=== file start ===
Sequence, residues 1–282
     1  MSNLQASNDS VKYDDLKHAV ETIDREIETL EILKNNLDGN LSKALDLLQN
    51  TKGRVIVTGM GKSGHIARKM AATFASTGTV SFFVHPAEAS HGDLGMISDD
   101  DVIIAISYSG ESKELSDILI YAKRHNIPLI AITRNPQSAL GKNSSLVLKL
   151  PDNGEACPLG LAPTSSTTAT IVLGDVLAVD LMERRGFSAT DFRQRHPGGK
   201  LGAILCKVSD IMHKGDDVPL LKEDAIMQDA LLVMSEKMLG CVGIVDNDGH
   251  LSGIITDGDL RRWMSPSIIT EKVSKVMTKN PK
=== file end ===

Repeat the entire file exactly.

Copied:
Sequence, residues 1–282
     1  MSNLQASNDS VKYDDLKHAV ETIDREIETL EILKNNLDGN LSKALDLLQN
    51  TKGRVIVTGM GKSGHIARKM AATFASTGTV SFFVHPAEAS HGDLGMISDD
   101  DVIIAISYSG ESKELSDILI YAKRHNIPLI AITRNPQSAL GKNSSLVLKL
   151  PDNGEACPLG LAPTSSTTAT IVLGDVLAVD LMERRGFSAT DFRQRHPGGK
   201  LGAILCKVSD IMHKGDDVPL LKEDAIMQDA LLVMSEKMLG CVGIVDNDGH
   251  LSGIITDGDL RRWMSPSIIT EKVSKVMTKN PK